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Watchdogs: Metro put riders on a crippled Red Line train in danger

Metro said it is investigating whether riders should have been evacuated instead.

WASHINGTON — Public safety advocates say Metro put riders of a crippled Red Line train in danger, maybe breaking a federal guideline-- and its own policy-- by sending a train full of people towards tracks that were seen sparking moments earlier.

"There was a moment of panic," Joe Twinem, who took video of the incident in a tunnel near Tenleytown Metro, said.

It was the first of three such arcing track insulator incidents that snarled last Tuesday’s morning and evening rushes. Twinem said a smoky haze filled his train car.

"It really brings into question whether or not we should be trusting Metro," Twinem said.

Firefighter Dave Statter, a former WUSA9 reporter, chronicled the incident on his website, Statter911

"I couldn’t believe what I was hearing," Statter said. 

He said Metro sent Twinem’s train toward an arcing insulator.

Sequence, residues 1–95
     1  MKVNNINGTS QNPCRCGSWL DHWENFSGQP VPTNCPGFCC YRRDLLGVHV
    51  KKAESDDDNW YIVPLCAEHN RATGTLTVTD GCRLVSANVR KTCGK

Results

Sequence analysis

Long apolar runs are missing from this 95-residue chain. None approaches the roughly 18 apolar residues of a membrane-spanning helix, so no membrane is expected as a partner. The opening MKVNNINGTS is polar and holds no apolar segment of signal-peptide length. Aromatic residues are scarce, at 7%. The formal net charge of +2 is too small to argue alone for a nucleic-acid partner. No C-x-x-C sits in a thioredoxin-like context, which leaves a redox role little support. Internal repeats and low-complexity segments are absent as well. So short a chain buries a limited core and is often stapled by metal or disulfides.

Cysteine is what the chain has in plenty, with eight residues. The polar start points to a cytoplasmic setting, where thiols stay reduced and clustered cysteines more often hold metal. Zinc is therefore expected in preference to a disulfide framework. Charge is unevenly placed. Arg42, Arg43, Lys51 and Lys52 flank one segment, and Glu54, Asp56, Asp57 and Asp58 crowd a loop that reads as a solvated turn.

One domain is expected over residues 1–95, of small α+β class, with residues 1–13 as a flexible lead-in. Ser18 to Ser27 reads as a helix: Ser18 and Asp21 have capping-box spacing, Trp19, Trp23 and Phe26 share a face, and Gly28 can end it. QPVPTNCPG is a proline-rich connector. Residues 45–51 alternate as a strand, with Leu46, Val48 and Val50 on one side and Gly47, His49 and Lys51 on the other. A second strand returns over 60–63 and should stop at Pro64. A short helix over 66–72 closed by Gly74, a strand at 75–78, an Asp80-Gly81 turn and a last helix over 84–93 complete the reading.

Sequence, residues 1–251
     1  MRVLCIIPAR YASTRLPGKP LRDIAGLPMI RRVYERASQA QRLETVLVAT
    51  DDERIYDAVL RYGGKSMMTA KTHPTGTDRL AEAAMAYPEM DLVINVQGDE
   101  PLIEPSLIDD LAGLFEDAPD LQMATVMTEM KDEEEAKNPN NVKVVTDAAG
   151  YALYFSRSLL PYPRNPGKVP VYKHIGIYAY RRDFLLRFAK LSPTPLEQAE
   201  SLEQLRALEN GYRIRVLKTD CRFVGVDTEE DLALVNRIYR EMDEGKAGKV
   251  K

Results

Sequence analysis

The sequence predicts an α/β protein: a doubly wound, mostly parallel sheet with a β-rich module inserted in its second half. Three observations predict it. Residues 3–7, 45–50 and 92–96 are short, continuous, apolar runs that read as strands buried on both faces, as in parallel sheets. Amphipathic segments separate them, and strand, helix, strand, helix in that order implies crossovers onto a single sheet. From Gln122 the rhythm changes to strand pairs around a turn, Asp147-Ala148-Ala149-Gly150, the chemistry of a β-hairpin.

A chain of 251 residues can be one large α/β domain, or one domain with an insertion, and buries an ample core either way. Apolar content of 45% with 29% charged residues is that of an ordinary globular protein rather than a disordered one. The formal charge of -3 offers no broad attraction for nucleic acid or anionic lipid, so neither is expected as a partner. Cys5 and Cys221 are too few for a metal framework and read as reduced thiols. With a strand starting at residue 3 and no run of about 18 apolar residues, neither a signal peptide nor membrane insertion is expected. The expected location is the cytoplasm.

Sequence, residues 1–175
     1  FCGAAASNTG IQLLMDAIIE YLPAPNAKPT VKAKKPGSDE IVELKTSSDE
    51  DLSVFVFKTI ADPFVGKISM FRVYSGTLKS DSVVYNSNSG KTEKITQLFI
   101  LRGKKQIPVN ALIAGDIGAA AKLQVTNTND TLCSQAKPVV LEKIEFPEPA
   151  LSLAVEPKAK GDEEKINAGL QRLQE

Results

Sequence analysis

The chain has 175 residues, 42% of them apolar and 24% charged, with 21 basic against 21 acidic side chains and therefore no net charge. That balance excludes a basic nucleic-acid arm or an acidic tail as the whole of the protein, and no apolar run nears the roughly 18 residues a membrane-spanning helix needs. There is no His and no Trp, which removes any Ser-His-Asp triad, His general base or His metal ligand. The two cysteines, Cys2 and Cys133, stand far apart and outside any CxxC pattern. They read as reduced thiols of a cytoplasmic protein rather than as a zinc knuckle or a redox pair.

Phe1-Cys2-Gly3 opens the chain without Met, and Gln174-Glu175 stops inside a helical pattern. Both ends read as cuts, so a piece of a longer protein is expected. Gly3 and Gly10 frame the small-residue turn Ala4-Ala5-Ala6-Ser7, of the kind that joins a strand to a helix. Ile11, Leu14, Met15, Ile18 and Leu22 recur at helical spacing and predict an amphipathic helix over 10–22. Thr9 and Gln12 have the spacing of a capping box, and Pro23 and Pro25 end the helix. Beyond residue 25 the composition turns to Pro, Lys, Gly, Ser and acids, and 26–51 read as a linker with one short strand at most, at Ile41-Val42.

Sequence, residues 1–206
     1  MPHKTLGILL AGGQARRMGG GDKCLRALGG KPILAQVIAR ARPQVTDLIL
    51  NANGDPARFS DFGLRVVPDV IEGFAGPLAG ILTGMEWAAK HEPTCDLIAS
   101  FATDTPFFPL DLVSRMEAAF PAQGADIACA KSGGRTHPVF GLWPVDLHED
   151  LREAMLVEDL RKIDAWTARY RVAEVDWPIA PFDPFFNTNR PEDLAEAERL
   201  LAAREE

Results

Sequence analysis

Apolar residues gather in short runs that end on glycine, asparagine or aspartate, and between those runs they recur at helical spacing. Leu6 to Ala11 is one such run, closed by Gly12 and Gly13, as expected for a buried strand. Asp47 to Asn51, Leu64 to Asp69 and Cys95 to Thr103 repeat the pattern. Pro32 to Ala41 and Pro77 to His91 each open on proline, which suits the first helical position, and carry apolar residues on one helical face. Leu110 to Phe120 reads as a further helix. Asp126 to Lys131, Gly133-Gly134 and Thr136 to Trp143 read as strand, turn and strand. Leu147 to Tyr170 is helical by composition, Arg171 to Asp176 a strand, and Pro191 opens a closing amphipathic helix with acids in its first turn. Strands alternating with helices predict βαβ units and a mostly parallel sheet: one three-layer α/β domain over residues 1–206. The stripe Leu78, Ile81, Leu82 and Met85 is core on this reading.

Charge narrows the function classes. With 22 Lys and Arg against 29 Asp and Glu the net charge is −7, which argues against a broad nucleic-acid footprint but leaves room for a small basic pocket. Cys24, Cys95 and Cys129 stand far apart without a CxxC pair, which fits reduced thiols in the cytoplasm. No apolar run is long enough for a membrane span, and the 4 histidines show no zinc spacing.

Statter calls it similar to the 2015 tunnel fire that killed Carol Glover. After, the National Transportation Safety Board (NTSB) told Metro to stop using trains carrying passengers to investigate track problems.

"If they can send a train full of passengers towards a dangerous situation, they have not completely learned the lesson," Statter said. 

RELATED: Metro wants to fix the Red Line permanently. Here's how

Metro is investigating the incident. An agency spokesman said Head of Operations Joe Leader is asking if passengers should have been evacuated from the dark train.

"I know Metro has made a lot of progress in recent years, in particular since the 2015 fire, but this shows there’s still a lot of progress to be made," Statter said. "They’re not there yet."

RELATED: Metro Red Line caught on fire three times in one day, but WMATA says it's getting better

Metro's spokesman said the results of Metro's probe will be public in a matter of weeks. He stressed this kind of investigation is standard after a problem on Metro tracks.

A WUSA9 analysis found arcing insulator incidents have dropped by almost 90%  since 2016. But, it also found that a quarter of all arcing insulators this year happened in the last week alone.

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